Having been in the commercial playground industry for over 25 years, I have been asked to design some strange things: submarines, sand airplanes, spiral slides coming from the fifth floor of an office building down to the lobby, and even a bathroom-equipped tree house!
In February of this year, we were asked to look at some very large stumps and logs from a eucalyptus tree that had been removed from a site where a low income housing project was being built. The architect, owner, and general contractor wanted to save as much of the tree as possible and have us incorporate it into a playground; the challenge was to create a climber that had clear access and a safe egress for children of all ages. We reviewed the remaining sections of the tree and selected a large Y-shaped log, a long straight log, and some large round logs–we then began brainstorming.
The first step was to design a climbing system using the materials that were selected. With the help of Schmidt Design Group, we got the first set of plans for the location of the climber and the size of the area we had to work with. Our first concern was to establish the overall height of the climber from the protective surfacing. Eventually, we decided upon 8 feet. The second challenge was to make climbing that height achievable in 3 different ways.
We envisioned a straight up climb, intended for the older children or advanced climbers. We installed a series of sandstone hand and foot holds leading from the surface to the top of the stump. This was installed at the most upright part of the stump. The second access was for the intermediate climbers and incorporated the same hand and foot holds leading to the -Y- of the stump and up the back. Lastly, we notched the stump and installed the -Y- log into the notches. The angle of approach was around 12° and the start and 15° at the top. This was for the younger children who also wanted to stand on top of the world. We added a third log under the -Y- log to decrease the vertical angle and add an element of balancing on a lower component. After that we added some log rounds a few boulders. The surfacing under the climber was wood fiber or engineered wood mulch at a 12″ depth.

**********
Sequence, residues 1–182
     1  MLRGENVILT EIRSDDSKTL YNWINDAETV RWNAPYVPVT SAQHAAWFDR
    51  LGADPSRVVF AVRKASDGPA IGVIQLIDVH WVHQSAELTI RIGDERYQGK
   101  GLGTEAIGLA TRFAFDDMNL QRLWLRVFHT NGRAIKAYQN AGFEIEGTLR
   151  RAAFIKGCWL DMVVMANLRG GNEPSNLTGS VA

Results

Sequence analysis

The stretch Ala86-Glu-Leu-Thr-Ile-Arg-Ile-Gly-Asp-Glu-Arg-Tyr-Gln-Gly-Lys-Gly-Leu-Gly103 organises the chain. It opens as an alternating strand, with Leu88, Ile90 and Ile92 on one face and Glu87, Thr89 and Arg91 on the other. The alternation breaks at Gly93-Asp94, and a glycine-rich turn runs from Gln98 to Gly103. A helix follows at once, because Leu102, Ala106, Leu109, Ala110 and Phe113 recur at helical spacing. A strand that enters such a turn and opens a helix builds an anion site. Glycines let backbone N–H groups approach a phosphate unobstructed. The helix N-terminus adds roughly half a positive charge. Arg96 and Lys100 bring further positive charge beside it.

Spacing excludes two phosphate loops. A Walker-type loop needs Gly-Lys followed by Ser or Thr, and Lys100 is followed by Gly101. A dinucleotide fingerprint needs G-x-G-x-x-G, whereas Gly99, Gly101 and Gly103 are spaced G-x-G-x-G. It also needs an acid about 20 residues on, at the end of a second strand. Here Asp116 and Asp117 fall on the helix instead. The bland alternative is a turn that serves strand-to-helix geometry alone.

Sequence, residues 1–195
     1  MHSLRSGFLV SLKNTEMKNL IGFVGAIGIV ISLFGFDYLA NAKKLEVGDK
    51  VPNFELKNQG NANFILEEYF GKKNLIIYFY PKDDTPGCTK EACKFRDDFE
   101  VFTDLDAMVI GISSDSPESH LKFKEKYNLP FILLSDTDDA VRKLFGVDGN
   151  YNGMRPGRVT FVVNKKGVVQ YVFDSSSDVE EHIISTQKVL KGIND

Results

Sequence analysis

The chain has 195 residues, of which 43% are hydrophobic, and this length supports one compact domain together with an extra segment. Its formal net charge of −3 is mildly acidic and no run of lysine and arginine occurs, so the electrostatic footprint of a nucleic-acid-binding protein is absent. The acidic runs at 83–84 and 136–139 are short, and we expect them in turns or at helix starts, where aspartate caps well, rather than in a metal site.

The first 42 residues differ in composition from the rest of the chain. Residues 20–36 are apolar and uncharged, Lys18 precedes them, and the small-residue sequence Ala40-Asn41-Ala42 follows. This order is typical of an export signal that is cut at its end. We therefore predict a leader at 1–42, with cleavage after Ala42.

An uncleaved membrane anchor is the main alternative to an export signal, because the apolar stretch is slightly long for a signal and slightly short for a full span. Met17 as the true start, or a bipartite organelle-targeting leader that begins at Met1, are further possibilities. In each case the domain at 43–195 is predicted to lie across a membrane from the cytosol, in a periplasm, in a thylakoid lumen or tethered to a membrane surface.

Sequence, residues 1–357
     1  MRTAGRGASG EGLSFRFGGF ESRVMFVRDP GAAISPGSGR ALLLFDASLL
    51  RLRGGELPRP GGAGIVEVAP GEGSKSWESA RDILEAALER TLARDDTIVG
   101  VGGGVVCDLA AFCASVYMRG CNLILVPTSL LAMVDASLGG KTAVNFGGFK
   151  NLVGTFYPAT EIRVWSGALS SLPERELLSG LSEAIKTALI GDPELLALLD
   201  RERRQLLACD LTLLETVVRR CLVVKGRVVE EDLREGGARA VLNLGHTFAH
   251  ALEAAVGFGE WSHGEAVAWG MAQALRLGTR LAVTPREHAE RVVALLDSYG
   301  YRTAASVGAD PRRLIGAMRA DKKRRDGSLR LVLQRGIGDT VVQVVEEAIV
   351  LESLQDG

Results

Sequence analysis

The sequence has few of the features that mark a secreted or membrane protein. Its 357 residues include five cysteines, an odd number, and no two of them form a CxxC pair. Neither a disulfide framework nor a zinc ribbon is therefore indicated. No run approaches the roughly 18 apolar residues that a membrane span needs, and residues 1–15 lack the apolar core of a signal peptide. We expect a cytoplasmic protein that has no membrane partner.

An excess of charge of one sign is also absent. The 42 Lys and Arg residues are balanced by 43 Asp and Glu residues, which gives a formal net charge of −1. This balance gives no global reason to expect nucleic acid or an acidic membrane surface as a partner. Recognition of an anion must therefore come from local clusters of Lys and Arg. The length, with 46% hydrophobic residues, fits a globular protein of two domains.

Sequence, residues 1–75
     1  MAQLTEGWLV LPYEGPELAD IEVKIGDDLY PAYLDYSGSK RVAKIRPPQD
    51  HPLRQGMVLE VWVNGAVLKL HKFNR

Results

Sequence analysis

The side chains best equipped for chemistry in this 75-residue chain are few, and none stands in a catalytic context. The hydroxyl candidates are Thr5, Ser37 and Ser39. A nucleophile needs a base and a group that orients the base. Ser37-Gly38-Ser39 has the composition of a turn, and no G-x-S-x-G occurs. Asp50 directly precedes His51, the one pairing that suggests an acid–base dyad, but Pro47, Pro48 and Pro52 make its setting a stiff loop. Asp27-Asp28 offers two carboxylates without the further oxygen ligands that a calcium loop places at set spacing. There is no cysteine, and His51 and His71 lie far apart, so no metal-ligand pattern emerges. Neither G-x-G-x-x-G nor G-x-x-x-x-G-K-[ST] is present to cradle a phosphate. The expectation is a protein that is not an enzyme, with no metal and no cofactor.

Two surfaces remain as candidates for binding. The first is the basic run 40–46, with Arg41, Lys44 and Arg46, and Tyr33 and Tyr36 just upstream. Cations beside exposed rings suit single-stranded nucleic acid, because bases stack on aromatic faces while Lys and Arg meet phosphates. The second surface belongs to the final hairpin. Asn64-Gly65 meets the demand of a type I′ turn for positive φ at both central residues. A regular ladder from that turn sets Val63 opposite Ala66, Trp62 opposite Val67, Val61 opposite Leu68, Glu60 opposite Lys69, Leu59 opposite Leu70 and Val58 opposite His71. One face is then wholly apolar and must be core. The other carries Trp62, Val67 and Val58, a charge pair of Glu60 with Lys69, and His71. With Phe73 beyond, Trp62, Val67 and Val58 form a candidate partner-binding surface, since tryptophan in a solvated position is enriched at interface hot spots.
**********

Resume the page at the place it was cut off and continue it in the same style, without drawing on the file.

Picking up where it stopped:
After the install and the opening of the housing complex, we watched as the children entered onto the playground for the first time. The first child was a 3-year old girl that went straight for the balance log; from there, she climbed onto the -Y- log and up to the top of the stump in a matter of seconds. I stood amazed!
After that, every child, teen, and even some adults were climbing all over the natural climber. All in all, it was a huge hit for us, Schmidt Design Group, Sun Country Builders, and all of the residents.
Check out all the photos on our Facebook Page.